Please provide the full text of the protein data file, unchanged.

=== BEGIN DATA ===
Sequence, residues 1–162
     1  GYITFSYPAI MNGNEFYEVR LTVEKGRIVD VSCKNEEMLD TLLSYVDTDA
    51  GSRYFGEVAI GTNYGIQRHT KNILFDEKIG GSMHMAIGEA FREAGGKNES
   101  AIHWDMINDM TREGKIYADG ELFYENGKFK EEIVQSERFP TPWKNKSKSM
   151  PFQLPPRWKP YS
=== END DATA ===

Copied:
Sequence, residues 1–162
     1  GYITFSYPAI MNGNEFYEVR LTVEKGRIVD VSCKNEEMLD TLLSYVDTDA
    51  GSRYFGEVAI GTNYGIQRHT KNILFDEKIG GSMHMAIGEA FREAGGKNES
   101  AIHWDMINDM TREGKIYADG ELFYENGKFK EEIVQSERFP TPWKNKSKSM
   151  PFQLPPRWKP YS